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Currently a number of emerging sportscar manufacturers out there aim to establish themselves in the business of what they think are high-margin sportscars. The common (mis)perception seems to be that some mysterious potential customers are willing to pay a premium for something which does not have heritage, credibility or even newness. They would even accept a product which is not as sophisticated or refined as the established brands.

The paper napkin calculations of the budding entrepreneurs show that they can build a fast car for far less money than the competitors with decades of experience. Unfortunately they keep on forgetting what it actually costs to develop a vehicle and how much actually is involved in getting vehicles on the road and accepted by the market.

Since companies with racing departments, such as McLaren and Ferrari, are not able to create a proper race car for the road, the new player will (without any racing experience) bring just that to the market. Also it will not be merely a sportscar, but without a doubt at least a supercar or even a hypercar.

Minerva copied from Spyker the trick of using an old name which had some success a long time ago and now costs nothing to claim because everyone forgot about. Unfortunately for them it does not immediately give them the credibility of basing their vehicles on a proven racing heritage.

Ridiculous performance claims are good for creating some fuss, but so far it never resulted in anything else than doubts about the viability of the products. Good current examples are the Belgian Minerva J.M. Brabazon with 1200hp, the Trion Nemisis with 2000hp and the Keating Bolt with 2500hp from a turbocharged GM 7.0 V8. While it is not impossible to achieve these power ratings, it is not yet possible to get them reliable and usable.

Customers who grew up in the 80's have some nostalgic feelings for more analog vehicles. That is, until they drive one. The return to simplicity ≠ the return to simple. Simple is not acceptable anymore. A car without ABS, ESP or advanced drivetrain (including traction control) only shows that its creator did not have the budget or ability for developing these systems. Vehicles without these systems, but with big power outputs are simply dangerous.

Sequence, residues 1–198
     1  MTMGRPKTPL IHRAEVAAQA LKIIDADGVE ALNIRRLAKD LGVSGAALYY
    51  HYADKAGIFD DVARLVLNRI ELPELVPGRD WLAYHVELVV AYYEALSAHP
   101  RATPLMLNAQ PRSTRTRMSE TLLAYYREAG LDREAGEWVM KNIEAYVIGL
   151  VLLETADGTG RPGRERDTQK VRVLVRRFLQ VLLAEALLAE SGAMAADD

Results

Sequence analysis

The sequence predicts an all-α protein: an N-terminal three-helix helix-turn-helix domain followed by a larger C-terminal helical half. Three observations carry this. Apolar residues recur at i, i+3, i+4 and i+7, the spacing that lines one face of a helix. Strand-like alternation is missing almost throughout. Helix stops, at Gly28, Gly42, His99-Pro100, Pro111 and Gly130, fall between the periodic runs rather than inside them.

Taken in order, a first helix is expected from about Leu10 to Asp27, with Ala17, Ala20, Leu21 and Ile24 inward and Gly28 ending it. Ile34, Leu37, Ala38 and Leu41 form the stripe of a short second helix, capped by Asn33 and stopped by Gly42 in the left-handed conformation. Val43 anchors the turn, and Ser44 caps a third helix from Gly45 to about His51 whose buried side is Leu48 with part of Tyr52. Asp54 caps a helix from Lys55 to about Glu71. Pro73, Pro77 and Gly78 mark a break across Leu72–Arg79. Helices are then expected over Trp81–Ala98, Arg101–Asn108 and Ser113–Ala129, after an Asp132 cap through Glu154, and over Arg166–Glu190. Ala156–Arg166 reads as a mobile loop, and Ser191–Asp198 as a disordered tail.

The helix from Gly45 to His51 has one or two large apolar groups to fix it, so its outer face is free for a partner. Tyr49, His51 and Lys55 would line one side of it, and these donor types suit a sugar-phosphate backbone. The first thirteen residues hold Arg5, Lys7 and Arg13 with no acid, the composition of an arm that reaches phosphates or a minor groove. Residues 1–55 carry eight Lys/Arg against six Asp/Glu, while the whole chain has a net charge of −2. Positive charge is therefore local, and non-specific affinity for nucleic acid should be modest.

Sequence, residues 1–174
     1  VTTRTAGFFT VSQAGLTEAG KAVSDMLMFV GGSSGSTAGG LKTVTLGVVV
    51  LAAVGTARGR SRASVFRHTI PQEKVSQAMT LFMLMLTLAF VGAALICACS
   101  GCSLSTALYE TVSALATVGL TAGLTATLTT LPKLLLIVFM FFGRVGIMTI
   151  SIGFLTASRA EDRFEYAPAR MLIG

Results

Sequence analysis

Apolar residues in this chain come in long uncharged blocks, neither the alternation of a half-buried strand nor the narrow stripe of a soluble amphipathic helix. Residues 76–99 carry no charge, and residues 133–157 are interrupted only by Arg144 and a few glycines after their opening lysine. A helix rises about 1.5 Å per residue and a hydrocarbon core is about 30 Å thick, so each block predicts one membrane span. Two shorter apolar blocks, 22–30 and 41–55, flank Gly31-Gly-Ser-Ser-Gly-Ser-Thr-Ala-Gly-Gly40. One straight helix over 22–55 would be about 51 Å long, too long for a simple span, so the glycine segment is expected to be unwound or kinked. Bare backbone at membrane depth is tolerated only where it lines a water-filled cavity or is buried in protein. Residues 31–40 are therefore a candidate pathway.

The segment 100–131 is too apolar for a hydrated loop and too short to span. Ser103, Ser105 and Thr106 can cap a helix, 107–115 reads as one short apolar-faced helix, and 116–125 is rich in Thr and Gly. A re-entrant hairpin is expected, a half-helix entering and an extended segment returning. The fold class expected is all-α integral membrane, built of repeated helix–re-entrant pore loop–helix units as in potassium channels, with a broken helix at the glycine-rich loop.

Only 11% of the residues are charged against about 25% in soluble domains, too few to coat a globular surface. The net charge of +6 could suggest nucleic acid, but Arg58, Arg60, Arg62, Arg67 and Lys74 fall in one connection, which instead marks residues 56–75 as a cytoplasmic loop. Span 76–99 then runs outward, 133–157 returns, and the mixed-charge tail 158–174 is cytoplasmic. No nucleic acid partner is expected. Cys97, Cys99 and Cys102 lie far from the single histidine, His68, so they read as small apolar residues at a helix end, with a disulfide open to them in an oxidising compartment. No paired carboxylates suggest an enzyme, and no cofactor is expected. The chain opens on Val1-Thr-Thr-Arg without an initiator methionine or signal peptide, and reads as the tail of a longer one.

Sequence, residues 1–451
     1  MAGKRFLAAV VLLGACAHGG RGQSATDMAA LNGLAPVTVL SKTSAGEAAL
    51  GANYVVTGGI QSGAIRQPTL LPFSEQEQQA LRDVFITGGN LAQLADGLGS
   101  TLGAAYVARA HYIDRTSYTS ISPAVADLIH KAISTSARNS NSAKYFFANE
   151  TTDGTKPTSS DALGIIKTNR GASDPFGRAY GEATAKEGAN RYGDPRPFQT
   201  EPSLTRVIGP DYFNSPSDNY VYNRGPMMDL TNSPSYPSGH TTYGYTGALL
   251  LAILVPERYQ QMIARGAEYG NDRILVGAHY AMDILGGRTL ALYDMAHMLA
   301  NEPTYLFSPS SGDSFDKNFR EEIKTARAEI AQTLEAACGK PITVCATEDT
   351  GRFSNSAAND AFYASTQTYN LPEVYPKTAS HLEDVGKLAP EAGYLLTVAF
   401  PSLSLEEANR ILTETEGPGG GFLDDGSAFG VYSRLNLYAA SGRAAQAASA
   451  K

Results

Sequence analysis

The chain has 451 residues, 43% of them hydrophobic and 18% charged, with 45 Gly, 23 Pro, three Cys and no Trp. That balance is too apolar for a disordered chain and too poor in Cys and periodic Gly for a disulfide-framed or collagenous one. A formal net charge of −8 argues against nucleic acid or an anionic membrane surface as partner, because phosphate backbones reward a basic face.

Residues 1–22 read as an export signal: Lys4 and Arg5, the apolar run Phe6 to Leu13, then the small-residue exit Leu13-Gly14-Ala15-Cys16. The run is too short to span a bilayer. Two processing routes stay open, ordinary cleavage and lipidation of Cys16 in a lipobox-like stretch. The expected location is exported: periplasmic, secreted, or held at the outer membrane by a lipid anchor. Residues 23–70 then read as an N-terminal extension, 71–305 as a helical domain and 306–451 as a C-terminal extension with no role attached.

Almost without exception, they use the same GM LS3 'small block' V8. This engine was introduced in 2008 in the Chevrolet Corvette, but has since even been used a pickup truck. Current examples of these 'analog' European supercars are the German/British Sin R1, the Dutch Savage Rivale Roadyacht GTS and Vencer Sarthe and the British Arash AF8. While it is a very decent engine, it is hard to call it sophisticated. Same goes for the default Oerlikon Graziano or Tremec gearboxes.

The Corvette offers usually better performance and refinement for a fraction of the price of the newcomers. The Corvette is not know for its refinement, but it does offer good value-for-money. The finishing touch is simply not there with the newbie products after a development cycle which would embarrass the prototype workshop employees of OEMs. It is not possible to skip the multiple iterations required to reach decent quality level, which takes time and money.

Only with an experienced team with properly set up environment can achieve high quality at the first attempt. This type of cars are too complex to do alone or with a handful of people. While it is frequently stated that the infamous McLaren F1 development team only had a dozen members, they did have access to a full Formula 1 development environment including its brains and hands.

The easy to develop and manufacture tubular steel structures with carbon fibre body panels can hardly be considered to be new, innovative and advanced. It all depends on what your point of reference is. If you are new to the industry, possibly. If it is the mainstream Lamborghini Huracan with its aluminium/carbon hybrid base structure, it is not. If it is a car with a carbon tub, like the similarly priced but infinitely more advanced (though over-styled) McLaren 650, it certainly is not. If it is a full carbon/titanium/unobtanium construction like a Koenigsegg, dream on…

While certain customers are willing to pay a premium for exclusivity or other bragging rights, they will feel screwed if something costing 25% less beats their vehicle in just about every aspect which defines the breed. When they realise that their vehicle does indeed not live up to their expectations and they consequently want to sell it, they almost always will find out that the value of their investment has plummeted. A mistake certainly a wealthy person only makes once. ¤

This post first appeared on my now defunct website www.autoweekly.info on 2014-10-24

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